ON THE JOB—Above, Dr. Stephany Lewis of the California Wildlife Center administers a blood transfusion to the poisoned hawk. At right, the red-tailed hawk receives blood, via a catheter, from another healthy red-tailed hawk. Top right, the patient looks better the following day.The California Wildlife Center in Calabasas recently received an adult female red-tailed hawk with evidence that she had been poisoned by anticoagulant rodenticide, which prevents blood from clotting.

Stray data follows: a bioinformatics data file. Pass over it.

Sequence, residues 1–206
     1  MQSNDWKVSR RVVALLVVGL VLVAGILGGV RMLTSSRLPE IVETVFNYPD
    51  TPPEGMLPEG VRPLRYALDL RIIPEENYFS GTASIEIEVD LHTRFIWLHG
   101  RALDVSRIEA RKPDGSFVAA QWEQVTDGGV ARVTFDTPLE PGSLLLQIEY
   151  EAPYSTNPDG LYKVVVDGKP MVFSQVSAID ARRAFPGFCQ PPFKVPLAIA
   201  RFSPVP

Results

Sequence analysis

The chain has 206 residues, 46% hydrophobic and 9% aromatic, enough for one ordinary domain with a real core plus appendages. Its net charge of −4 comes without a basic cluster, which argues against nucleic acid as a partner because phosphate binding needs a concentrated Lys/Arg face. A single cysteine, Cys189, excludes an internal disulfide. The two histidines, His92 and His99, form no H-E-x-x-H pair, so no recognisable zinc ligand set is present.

The bird likely beca...
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